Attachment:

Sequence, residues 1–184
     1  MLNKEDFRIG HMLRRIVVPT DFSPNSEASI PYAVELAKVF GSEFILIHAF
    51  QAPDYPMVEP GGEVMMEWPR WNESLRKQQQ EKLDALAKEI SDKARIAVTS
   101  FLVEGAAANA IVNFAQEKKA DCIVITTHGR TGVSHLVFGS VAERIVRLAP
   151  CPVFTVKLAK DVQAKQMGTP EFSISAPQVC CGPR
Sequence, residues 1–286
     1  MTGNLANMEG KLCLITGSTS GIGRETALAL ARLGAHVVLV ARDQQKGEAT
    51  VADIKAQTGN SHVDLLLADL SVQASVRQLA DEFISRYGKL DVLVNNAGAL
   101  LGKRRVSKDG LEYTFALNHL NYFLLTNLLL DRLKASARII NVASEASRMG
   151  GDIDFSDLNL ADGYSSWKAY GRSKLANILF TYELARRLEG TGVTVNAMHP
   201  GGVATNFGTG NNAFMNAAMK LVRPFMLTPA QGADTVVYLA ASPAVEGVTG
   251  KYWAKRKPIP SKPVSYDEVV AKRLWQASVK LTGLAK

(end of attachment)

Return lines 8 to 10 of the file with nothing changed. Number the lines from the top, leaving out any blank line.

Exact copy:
    51  VADIKAQTGN SHVDLLLADL SVQASVRQLA DEFISRYGKL DVLVNNAGAL
   101  LGKRRVSKDG LEYTFALNHL NYFLLTNLLL DRLKASARII NVASEASRMG
   151  GDIDFSDLNL ADGYSSWKAY GRSKLANILF TYELARRLEG TGVTVNAMHP